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Just Voices #6, July 2015 - Restricted Mobility

Freedom of movement is a basic human right enshrined in the Universal Declaration of Human Rights and assumed as a basic logic in liberal models of democracies and Nation States. Many of us in the Jewish community in Australia have grown up listening to the stories of our parents, grandparents and relatives, about surviving the terrors of Nazi occupation in Europe, antisemitic violence in Russia, or entrapment by post fascist communist regimes in Europe, in which leaving the country was restricted.  We are familiar with the story of the S.S St Louis, which set sail from Germany in 1939 carrying 900 Jews and ultimately returned to Germany after being refused entry to a number of countries.

These days freedom of movement is something that we often take for granted, at least within the borders of Australia and the countries we travel to.  If there was an outpost within the city of Melbourne which restricted us from travelling throughout the city or from relocating to another city, town or state, we would be outraged. Freedom of movement within a country is regarded as an unquestionable right. However, when we extend the rights of freedom of movement to a countries’ borders, the logic and rationale start to become questioned. Australia's right to exercise sovereign jurisdiction over who enters is assumed. It is interesting to note that while control over borders is treated as a static reality, often accompanied by strict border protection policies, borders are a man-made concept and have in fact constantly been realigned and forged, only to shift throughout history.

When we take advantage of our freedom of movement, both within Nation States and between them, we find that this basic right is not something afforded to everyone. This issue of Just Voices is dedicated to the right of freedom of movement. In this edition we examine the way that freedom of movement relates to various contemporary issues.

Last Pesach, the AJDS was very privileged to host a presentation by renowned journalist for Ha’aretz, Amira Hass. With motives of the exodus and freedom evoked by the festival of Passover, Hass talked about the policies of the State of Israel that are antithetical to these themes. She discussed the ways that Israel’s agenda has increasingly seen the bantustanisation of Palestine and the West Bank, imposing great restrictions not only on the freedom of movement for Palestinian, but on the capacity and viability to assert Palestinian self-determination. Her talk is brought to you in this issue.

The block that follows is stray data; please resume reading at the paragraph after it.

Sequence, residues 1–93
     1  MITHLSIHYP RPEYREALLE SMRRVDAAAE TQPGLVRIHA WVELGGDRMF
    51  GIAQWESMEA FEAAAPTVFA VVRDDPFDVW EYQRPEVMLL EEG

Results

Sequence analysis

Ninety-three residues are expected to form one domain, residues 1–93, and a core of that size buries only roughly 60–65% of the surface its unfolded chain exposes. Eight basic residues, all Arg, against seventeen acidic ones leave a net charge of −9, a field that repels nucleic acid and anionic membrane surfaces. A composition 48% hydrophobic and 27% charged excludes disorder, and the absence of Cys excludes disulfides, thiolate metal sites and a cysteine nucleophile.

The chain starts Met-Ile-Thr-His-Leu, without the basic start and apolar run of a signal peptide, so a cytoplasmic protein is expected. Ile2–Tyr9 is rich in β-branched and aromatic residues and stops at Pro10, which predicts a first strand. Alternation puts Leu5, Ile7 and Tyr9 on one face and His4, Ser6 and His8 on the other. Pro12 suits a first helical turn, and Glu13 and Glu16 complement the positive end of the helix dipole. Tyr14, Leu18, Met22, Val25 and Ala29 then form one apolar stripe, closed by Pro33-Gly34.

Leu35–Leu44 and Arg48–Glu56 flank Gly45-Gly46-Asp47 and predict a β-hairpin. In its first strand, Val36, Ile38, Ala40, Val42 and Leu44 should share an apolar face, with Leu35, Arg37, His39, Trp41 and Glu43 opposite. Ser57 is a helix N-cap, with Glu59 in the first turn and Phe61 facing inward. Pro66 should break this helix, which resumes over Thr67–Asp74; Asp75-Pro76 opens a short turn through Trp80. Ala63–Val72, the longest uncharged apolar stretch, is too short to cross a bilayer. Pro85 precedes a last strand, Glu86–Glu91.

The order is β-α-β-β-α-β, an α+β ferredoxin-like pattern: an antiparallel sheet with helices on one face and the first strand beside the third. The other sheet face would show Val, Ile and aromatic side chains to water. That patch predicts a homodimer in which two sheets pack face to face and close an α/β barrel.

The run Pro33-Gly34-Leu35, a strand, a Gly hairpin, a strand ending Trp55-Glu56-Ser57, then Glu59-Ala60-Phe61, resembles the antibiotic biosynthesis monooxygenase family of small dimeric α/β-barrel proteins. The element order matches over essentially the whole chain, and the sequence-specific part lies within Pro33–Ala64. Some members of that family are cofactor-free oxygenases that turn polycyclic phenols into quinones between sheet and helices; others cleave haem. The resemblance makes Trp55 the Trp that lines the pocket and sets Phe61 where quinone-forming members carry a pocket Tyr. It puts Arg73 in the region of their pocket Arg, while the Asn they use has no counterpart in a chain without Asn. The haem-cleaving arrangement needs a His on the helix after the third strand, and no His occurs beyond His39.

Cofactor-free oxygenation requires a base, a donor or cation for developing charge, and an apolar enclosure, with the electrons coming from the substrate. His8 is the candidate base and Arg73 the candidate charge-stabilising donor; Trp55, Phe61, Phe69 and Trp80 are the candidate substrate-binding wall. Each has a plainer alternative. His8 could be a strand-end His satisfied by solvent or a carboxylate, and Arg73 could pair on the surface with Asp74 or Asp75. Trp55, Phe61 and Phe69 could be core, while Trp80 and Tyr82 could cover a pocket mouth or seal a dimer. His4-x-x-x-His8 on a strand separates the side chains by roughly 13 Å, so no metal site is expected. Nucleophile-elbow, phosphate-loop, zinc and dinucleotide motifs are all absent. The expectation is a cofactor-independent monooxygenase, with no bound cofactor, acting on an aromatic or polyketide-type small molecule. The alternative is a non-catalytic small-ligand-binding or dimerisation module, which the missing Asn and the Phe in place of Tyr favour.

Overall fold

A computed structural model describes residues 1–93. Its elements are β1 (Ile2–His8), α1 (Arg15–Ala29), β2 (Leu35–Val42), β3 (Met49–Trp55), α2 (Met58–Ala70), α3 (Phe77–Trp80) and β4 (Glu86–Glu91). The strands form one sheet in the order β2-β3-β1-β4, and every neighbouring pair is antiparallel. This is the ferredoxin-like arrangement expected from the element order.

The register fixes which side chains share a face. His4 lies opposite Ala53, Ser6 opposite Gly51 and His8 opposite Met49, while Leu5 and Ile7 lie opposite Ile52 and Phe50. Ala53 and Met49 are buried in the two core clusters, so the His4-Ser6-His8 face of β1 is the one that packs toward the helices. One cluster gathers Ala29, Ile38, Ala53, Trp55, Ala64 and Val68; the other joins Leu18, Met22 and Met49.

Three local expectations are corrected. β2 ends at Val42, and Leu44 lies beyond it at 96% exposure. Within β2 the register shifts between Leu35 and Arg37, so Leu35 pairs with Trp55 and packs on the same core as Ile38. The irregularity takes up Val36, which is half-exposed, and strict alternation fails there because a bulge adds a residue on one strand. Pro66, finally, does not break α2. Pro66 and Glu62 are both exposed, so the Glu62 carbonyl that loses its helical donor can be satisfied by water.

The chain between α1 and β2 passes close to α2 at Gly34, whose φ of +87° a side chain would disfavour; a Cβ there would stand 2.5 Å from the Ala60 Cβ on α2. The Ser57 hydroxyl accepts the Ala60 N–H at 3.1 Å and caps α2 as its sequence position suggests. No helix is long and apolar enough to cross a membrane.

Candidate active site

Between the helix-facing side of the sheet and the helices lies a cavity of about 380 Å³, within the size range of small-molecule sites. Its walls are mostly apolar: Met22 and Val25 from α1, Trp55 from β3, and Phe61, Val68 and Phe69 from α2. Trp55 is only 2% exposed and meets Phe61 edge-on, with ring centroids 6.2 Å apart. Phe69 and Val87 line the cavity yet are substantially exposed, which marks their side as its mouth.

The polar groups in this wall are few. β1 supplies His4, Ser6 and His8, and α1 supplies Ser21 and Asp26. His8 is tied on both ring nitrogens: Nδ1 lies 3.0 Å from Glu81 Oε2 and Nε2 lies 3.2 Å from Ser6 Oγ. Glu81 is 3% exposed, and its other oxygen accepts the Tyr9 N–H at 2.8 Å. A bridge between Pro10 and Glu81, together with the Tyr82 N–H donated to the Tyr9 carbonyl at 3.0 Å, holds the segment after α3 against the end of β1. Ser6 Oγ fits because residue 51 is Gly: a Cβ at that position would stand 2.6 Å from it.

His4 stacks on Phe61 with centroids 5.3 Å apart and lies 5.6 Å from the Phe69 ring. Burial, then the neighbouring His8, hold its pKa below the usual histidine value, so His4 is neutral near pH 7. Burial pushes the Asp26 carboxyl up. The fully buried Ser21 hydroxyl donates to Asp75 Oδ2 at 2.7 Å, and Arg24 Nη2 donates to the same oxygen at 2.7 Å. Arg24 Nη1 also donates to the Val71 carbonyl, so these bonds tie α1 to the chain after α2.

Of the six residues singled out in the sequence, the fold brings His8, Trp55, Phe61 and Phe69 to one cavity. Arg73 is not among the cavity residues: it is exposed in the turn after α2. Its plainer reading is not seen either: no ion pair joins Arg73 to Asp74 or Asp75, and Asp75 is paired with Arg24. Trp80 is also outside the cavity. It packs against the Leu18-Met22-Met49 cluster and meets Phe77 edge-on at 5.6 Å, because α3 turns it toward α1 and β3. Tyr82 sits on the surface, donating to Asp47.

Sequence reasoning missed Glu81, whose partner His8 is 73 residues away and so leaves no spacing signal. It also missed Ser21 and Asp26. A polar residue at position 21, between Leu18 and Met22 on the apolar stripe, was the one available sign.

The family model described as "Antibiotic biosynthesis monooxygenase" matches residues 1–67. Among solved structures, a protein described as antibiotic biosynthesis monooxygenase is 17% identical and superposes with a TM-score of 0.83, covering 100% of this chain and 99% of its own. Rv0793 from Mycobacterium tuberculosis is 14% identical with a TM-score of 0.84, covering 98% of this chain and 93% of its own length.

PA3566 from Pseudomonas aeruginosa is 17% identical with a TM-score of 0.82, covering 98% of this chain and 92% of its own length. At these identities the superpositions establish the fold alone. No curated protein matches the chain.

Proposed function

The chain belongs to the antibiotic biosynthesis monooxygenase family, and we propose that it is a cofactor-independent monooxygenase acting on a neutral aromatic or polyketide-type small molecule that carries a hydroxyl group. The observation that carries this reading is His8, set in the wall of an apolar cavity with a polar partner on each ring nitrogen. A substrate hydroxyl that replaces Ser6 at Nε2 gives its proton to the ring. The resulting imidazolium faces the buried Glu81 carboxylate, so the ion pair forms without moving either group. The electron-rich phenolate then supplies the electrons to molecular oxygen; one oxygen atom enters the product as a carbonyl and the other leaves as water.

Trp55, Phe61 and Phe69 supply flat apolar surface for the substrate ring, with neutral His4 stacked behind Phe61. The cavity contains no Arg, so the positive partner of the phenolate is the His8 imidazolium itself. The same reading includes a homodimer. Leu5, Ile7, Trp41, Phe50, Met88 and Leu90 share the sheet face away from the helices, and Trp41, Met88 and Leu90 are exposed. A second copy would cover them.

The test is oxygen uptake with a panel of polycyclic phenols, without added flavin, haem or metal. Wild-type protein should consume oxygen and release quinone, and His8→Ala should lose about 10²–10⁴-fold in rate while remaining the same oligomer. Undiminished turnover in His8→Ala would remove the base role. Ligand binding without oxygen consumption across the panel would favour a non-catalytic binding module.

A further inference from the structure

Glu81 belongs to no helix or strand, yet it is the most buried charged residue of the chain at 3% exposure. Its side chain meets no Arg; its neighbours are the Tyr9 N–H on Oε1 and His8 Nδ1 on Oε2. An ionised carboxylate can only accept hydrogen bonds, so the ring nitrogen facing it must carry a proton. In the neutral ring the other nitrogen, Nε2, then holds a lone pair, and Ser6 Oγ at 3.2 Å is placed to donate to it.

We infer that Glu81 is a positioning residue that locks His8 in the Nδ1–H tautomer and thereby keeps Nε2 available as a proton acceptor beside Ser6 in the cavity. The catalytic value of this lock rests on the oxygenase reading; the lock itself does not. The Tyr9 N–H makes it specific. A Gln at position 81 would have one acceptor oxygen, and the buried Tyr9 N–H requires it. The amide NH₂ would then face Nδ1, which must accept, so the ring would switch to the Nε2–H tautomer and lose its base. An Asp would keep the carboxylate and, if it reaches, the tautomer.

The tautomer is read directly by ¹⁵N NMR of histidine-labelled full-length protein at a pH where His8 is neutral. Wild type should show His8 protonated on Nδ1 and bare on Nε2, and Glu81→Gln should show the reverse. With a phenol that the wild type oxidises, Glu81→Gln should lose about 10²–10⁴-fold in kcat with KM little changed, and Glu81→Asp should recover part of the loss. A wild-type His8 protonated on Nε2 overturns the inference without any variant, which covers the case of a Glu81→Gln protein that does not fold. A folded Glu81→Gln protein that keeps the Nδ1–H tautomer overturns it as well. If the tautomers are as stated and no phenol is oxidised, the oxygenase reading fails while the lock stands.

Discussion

Just days before Hass delivered her presentation, on April 1st, it was confirmed that Yarmouk, a refugee camp in Syria which was previously home to some 160,000-200,000 Palestinians, had been overrun by ISIS and Syrian rebel factions. Ban Ki-moon described the situation as the “deepest circle of hell,” with severe and brutal killings and human rights violations. The refugees in Yarmouk had, and to this day continue to have nowhere to go. Hass pointed out that despite some diplomatic efforts on the part of Palestinian authorities to extricate Yarmouk refugees into Palestine, the limitations of not being afforded recognition as a nation state made this impossible. Were Palestine to have the rights afforded to other nation states, they could have facilitated the safe passage of refugees into Palestine.

The Israeli Basic Law on Human Dignity and Liberty, which has quasi-constitutional status, declares that "there shall be no deprivation or restriction of the liberty of a person by imprisonment, arrest, extradition or otherwise;" that "all persons are free to leave Israel"; and that "every Israeli national has the right of entry into Israel from abroad." However, restriction of movement has been a growing tenet of the project of Zionism, under the pretence that such a policy protects the security of the State of Israel and its citizens. 

Gisha, the Israeli Legal Center for Freedom of Movement works to protect and advocate for freedom of movement of Palestinians, especially in Gaza. They reveal a very different reality to the above legislation. According to Gisha the intent behind the separation policy which has seen Gaza under siege for seven years is the prevention of movement between Gaza and the West Bank, suspecting that people from Gaza may remain in the West Bank.  Gisha also highlight the ways that the restriction of the human right of freedom of movement has resulted in additional basic rights being violated, including the right to life, the right to access medical care, the right to education, the right to livelihood, the right to family unity and the right to freedom of religion. 

Furthermore, the separation of the West Bank from Gaza has resulted in severe economic disadvantage, thus limiting the viability of Palestinian self-determination. According to the World Bank, free access between the Gaza Strip and the West Bank is a necessary condition for the integrity of a Palestinian economy. Gisha released this report on the economic repercussions of limiting access between the occupied Palestinian territories.  

Another policy used by Israel is exile. Hundreds of thousands of Palestinians and Bedouins have been transferred and exiled since the establishment of the State of Israel, many of whom have been forcibly moved to Gaza. Currently the Israeli government is building infrastructure and taking steps to see the development of the area East of Jerusalem known as the E1 area. This plan, first instigated in 1994, involves the forced relocation of up to 7,000 Palestinian Bedouins in order to join Jerusalem with the Israeli settlement of Ma’ale Adumin. Owing to international political pressure and local resistance, the plan has been postponed for some 20 years, until recent renewed interest in the project in a climate of increased right wing and occupation politics.